Information can be powerful

This is becoming a theme of my ramblings recently, so much so that I’m seeing evidence everywhere. Reading today that the FDA is proposing to ban all artificial trans fats, what stood out is not the strength of the proposal (though does seem to be a pretty unequivocal ban). It’s that a lot of potential resistance to a ban – big companies that used trans fats – has already been neutralized back in 2006, when the FDA required that artificial trans fats be listed in food labels. Imagine if McDonald’s and Kraft still used huge quantities of trans fats. They would be fighting tooth and nail against a ban! But make them tell their customers how much trans fats they’re using? They find ways to eliminate or slash the content. And now, banning it is no big deal for them.

So, can we apply this to international development? This example shows how facilitating access to information (amount of trans fat on labels or menus), combined with mechanisms for accountability (choice of where to spend their dollars), can lead people to change their behavior (consumers buy less food with trans fat, and producers reduce trans fat content). The contexts of course are very different, but the theory at least is the same – access to useful information, that people can interpret and act on, can empower them to create positive change.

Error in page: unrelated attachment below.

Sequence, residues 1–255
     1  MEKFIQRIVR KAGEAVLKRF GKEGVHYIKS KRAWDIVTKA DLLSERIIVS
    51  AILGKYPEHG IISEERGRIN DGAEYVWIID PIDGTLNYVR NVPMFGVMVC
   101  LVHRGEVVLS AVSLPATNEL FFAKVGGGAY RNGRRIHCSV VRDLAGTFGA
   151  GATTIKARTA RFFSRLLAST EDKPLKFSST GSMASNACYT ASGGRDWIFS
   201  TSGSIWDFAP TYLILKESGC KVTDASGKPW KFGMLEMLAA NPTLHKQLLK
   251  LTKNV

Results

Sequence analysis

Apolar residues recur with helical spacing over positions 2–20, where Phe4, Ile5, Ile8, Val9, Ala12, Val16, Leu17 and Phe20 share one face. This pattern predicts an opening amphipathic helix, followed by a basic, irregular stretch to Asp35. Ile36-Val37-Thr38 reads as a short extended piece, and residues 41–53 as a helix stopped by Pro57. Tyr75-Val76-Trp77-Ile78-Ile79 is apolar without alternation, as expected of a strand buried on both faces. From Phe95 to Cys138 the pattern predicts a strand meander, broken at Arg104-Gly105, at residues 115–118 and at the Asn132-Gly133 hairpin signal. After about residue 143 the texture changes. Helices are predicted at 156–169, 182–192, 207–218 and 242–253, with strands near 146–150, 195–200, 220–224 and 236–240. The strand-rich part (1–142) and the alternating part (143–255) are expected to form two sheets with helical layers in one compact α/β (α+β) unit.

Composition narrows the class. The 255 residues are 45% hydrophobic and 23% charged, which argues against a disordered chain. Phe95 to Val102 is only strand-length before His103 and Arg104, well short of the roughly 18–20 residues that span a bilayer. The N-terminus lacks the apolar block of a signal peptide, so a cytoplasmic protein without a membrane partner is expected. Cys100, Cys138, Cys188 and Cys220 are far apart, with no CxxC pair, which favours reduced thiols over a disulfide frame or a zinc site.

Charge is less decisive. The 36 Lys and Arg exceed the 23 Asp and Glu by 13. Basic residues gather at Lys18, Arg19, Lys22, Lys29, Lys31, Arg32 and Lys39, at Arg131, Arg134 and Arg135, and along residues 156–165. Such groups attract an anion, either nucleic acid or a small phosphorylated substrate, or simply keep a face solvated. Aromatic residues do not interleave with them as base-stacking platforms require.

A few thoughts on adapting this theory to development, will keep updating:

  • Strengthen mechanisms for acting on information. In the trans fats case, it already existed – the competitive market. In our field, these mechanisms are weak or nonexistent in many cases.
  • Listen to people. Outsiders won’t necessarily know what information will be useful, or how certain types of information will be useful.
  • Mechanisms should be adaptive to the extent possible. So that people can keep making them more useful!



About developingnathan
I am a reflective person. I am an introvert, a friend, a brother and a son. I appreciate a well-crafted glass of beer, piece of music and turn of phrase. I am a professional of international development, a good pianist and a Green Bay Packers fan.

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